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 Fact Sheet: Social Security And Medicare Trustees Report


5/31/2013

WASHINGTON - Today the Social Security and Medicare Boards of Trustees issued their annual financial review of the programs. Social Security's retirement and disability programs have dedicated resources sufficient to cover benefits for the next 20 years, until 2033.  After 2033, it is expected that the income from the dedicated payroll tax will be sufficient to finance about three quarters of scheduled benefits through 2087. 

The Medicare Hospital Insurance Trust Fund will have sufficient funds to cover its obligations until 2026, two years later than was projected last year, and nine years later than was projected in the last Report issued prior to passage of the Affordable Care Act.

Social Security

Taken in combination, the Old Age, Survivor's and Disability Insurance (OASDI) Trust Funds are projected to be exhausted in 2033, at which point annual revenues from the dedicated payroll tax will be sufficient to fund three quarters of scheduled benefits through 2087. Taken independently, the Old Age and Survivor's Insurance (OASI) trust fund is projected to reach exhaustion in 2035, and the Disability Insurance trust fund is expected to reach exhaustion in 2016. Beyond these dates, dedicated payroll tax from each trust fund will be sufficient to pay more than three quarters of scheduled retirement benefits and 80 percent of scheduled disability benefits across the 75-year window.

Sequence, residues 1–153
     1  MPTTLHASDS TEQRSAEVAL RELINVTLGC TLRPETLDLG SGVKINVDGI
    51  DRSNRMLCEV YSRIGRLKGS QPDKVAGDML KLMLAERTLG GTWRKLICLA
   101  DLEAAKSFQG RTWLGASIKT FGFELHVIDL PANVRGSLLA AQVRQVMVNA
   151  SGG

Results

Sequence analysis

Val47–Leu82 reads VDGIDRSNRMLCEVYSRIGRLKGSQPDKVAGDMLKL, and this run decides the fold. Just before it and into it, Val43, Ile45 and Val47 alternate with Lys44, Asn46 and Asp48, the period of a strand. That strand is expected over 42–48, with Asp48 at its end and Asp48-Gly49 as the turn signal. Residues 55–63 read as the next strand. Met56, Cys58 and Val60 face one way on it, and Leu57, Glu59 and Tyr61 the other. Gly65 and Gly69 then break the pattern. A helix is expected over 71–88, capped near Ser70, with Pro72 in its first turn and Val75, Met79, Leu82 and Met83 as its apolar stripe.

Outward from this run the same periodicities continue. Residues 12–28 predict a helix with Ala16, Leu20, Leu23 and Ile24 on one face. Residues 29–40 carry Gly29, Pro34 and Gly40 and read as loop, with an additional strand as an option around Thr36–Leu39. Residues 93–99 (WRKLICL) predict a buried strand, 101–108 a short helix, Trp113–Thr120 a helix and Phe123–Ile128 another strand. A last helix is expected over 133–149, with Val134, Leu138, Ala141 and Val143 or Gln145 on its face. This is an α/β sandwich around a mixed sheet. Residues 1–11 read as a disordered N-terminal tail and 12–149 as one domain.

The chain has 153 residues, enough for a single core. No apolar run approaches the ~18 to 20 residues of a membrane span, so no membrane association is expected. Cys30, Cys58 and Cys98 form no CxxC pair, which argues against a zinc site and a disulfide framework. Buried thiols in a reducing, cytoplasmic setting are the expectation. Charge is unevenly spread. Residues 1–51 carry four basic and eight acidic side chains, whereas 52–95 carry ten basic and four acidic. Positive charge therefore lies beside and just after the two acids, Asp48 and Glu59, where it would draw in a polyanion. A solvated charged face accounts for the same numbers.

While legislation is needed to address all of Social Security's financial imbalances, the need has become most urgent with respect to the program's disability insurance component.

Medicare
The Medicare Hospital Insurance (HI) Trust Fund will have sufficient funds to cover its obligations until 2026, two years later than was projected last year, and nine years later than was projected in the last report issued prior to passage of the Affordable Care Act.

After 2026, the share of HI costs that could be financed with dedicated payroll tax revenues would decline slowly from 87 percent in 2026 to about 70 percent in 2050 and later.

 

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